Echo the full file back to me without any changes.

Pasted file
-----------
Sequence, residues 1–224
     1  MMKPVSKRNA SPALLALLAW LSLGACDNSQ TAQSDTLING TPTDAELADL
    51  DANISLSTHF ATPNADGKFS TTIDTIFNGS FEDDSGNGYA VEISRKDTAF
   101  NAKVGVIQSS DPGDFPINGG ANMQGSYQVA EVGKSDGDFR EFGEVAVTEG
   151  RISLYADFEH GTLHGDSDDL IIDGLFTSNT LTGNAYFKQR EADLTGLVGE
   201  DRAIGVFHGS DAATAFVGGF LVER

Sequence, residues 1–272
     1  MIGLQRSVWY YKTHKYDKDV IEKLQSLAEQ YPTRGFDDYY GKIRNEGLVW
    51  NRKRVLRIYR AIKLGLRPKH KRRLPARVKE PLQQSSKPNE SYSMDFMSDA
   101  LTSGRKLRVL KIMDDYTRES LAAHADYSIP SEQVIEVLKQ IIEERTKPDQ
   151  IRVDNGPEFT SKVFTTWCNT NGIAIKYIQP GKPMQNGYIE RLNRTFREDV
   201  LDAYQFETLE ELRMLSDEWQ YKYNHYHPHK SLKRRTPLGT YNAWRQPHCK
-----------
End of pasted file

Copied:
Sequence, residues 1–224
     1  MMKPVSKRNA SPALLALLAW LSLGACDNSQ TAQSDTLING TPTDAELADL
    51  DANISLSTHF ATPNADGKFS TTIDTIFNGS FEDDSGNGYA VEISRKDTAF
   101  NAKVGVIQSS DPGDFPINGG ANMQGSYQVA EVGKSDGDFR EFGEVAVTEG
   151  RISLYADFEH GTLHGDSDDL IIDGLFTSNT LTGNAYFKQR EADLTGLVGE
   201  DRAIGVFHGS DAATAFVGGF LVER

Sequence, residues 1–272
     1  MIGLQRSVWY YKTHKYDKDV IEKLQSLAEQ YPTRGFDDYY GKIRNEGLVW
    51  NRKRVLRIYR AIKLGLRPKH KRRLPARVKE PLQQSSKPNE SYSMDFMSDA
   101  LTSGRKLRVL KIMDDYTRES LAAHADYSIP SEQVIEVLKQ IIEERTKPDQ
   151  IRVDNGPEFT SKVFTTWCNT NGIAIKYIQP GKPMQNGYIE RLNRTFREDV
   201  LDAYQFETLE ELRMLSDEWQ YKYNHYHPHK SLKRRTPLGT YNAWRQPHCK